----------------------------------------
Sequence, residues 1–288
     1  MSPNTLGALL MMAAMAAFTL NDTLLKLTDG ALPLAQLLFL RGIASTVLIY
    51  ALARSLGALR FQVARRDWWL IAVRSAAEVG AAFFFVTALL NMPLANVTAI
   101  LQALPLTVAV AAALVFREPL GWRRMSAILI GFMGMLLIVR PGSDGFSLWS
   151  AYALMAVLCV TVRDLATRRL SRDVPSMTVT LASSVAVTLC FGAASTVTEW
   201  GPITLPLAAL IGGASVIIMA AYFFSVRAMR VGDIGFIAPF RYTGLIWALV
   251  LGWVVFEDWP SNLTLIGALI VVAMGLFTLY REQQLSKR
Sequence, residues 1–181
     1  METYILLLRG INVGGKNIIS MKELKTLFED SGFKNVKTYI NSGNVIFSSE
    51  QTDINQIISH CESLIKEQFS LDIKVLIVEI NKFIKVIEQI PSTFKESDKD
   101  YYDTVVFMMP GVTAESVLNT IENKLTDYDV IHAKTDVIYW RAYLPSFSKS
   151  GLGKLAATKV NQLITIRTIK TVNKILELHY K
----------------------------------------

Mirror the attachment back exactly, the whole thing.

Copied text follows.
Sequence, residues 1–288
     1  MSPNTLGALL MMAAMAAFTL NDTLLKLTDG ALPLAQLLFL RGIASTVLIY
    51  ALARSLGALR FQVARRDWWL IAVRSAAEVG AAFFFVTALL NMPLANVTAI
   101  LQALPLTVAV AAALVFREPL GWRRMSAILI GFMGMLLIVR PGSDGFSLWS
   151  AYALMAVLCV TVRDLATRRL SRDVPSMTVT LASSVAVTLC FGAASTVTEW
   201  GPITLPLAAL IGGASVIIMA AYFFSVRAMR VGDIGFIAPF RYTGLIWALV
   251  LGWVVFEDWP SNLTLIGALI VVAMGLFTLY REQQLSKR
Sequence, residues 1–181
     1  METYILLLRG INVGGKNIIS MKELKTLFED SGFKNVKTYI NSGNVIFSSE
    51  QTDINQIISH CESLIKEQFS LDIKVLIVEI NKFIKVIEQI PSTFKESDKD
   101  YYDTVVFMMP GVTAESVLNT IENKLTDYDV IHAKTDVIYW RAYLPSFSKS
   151  GLGKLAATKV NQLITIRTIK TVNKILELHY K